An alumna of BA Textile Design, Rita Parniczky makes work unlike any textiles you’ve seen before.
Working with nylon monofilament as well as rayon and cotton threads, Parniczky weaves intricate wall hangings in which structure and decoration are one and the same.
Her first solo show, Weaving with Light, includes not only her woven pieces but also the photograms that inspired them. Parniczky was introduced to photograms – capturing objects by shining light through them onto light-sensitive paper – during her first year at Central Saint Martins. "I was always interested in what is happening below the surface of things, photographs that show the insides of things. Something that you can’t normally see," she explains.
She doesn't reveal what the original objects captured by the photograms are and Parniczky protects this air of mystery. The combination of both revelation and mystery combines in her woven work too, bringing to the fore the internal structure of a woven material: "There are vertical and horizontal threads that make up the surface of your jeans but you don’t see the structure that’s inside. What would happen if you could x-ray that textile? There are intriguing structures there, I just need to bring them to life."
Parniczky spent her final year at the College experimenting with monofilament to create transparent weaves. She explored how to bring the woven structure to the surface. "I was looking beyond textiles," she recalls, "at College I was interested in how far I could push something before it collapses."
Since her time as a student, Parniczky's work has grown in complexity but her commitment to process remains the same. For large pieces, she plans the first 20cm on paper but then, she responds to what happens on the loom: "I like that because then I'm working with the loom, the structure and the threads individually - I get a relationship with the material that way." Though her work is a love letter to textiles, her reference points stretch from fan vaults to dragonfly wings, a running theme being the visual expression of internal structure.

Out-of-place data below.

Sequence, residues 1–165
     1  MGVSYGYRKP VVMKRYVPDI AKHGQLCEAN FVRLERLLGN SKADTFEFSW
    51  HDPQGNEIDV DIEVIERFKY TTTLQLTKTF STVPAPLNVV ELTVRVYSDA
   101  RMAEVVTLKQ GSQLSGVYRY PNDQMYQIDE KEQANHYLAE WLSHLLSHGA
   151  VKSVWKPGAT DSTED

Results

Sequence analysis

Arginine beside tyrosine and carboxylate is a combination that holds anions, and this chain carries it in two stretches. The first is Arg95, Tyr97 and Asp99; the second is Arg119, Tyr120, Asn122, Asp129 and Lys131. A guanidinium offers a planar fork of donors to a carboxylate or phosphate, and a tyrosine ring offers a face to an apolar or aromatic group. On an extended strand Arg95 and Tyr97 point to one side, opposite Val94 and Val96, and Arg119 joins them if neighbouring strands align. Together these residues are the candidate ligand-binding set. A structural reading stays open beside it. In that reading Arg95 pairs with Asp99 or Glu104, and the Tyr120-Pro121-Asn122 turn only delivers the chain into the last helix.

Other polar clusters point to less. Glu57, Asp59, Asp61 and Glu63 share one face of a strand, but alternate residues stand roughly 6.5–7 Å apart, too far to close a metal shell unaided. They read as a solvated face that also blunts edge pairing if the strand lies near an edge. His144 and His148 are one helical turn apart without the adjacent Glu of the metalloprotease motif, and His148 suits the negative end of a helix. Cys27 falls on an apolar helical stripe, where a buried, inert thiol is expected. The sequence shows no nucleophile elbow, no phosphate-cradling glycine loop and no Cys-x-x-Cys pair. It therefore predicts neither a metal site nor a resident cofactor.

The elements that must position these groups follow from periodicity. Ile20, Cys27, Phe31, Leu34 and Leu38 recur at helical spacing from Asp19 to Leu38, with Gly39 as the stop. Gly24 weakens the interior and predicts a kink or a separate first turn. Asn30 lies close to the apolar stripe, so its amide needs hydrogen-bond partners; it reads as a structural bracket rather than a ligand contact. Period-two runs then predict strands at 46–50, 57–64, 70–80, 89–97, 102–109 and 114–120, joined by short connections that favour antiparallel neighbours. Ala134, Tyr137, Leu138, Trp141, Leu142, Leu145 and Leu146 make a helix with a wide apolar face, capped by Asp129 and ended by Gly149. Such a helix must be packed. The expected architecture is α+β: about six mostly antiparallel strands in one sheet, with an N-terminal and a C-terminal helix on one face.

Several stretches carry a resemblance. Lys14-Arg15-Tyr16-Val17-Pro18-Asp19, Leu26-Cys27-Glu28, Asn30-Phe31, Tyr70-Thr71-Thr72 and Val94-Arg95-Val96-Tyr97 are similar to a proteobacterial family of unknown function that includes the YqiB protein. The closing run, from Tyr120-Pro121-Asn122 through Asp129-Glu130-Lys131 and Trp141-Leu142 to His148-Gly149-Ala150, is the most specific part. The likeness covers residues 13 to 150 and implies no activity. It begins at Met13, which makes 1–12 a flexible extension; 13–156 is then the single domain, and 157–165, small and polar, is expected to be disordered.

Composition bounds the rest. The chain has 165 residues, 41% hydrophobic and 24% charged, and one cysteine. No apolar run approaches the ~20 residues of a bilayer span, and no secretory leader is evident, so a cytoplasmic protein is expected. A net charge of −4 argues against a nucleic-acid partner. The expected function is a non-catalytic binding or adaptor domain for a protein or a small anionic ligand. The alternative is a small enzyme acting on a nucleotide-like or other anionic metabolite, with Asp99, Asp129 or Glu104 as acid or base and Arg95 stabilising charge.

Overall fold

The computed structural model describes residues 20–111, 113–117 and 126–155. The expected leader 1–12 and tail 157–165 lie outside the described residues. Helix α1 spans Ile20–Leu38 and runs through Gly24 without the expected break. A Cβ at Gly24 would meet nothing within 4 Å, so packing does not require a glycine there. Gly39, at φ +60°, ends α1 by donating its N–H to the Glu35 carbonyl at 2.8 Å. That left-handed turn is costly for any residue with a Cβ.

Following her graduation in 2009, Parniczky won a commission from The Worshipful Company of Weavers (an award given only every three years to an emerging maker). On the announcement of the commission, Richard J Humphries, Upper Bailiff of the Worshipful Company, paid testament to the artist, saying, “In woven textile design, most of what is seen has already been made before. But just once or twice in a generation there is a designer who immediately you can recognise as a person who has the loom craft, the inspiration, and the courage to push the boundaries of weave to a new and innovative level. Rita Parniczky is that talented exceptional designer who combines the meticulous attention to the detail and originality, which is revealed in her perfection on the loom.”
The piece – woven in the summer months at the CSM workshops after graduation – currently hangs in the Company’s offices and will enter the V&A permanent collection at the end of this year going on show at the Clothworkers’ Centre.
The Perrier-Jouët award brings not only the solo exhibition but also a prize of £10,000, making 2016 a big year for the textile artist. It's the perfect time to bring together her body of work since graduation but at the same time to look to the future. Parniczky's focus is on finding collaborators to work on applications for her work. "I need to help people understand how they can use my work in their home. With a vase you know what to do with it, but with mine it isn't that simple," she say, "I don't want to make a lampshade – it has to be exciting and inspiring."
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